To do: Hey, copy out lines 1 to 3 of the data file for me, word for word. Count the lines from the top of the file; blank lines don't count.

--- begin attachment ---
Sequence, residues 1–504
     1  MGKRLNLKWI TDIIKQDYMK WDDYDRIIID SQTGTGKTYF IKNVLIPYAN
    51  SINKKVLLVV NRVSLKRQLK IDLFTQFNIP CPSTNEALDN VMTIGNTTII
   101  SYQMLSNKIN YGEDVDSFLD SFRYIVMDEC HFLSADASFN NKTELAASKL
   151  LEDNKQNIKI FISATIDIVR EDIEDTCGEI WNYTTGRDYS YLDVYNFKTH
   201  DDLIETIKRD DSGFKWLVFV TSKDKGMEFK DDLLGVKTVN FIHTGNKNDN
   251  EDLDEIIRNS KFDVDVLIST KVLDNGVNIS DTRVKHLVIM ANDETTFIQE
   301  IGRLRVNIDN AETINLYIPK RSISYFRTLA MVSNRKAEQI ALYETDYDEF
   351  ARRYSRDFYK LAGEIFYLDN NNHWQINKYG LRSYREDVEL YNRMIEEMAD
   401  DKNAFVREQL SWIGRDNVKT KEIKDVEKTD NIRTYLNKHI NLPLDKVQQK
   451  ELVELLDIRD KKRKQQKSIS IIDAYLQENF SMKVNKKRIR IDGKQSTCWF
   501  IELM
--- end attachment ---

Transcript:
Sequence, residues 1–504
     1  MGKRLNLKWI TDIIKQDYMK WDDYDRIIID SQTGTGKTYF IKNVLIPYAN
    51  SINKKVLLVV NRVSLKRQLK IDLFTQFNIP CPSTNEALDN VMTIGNTTII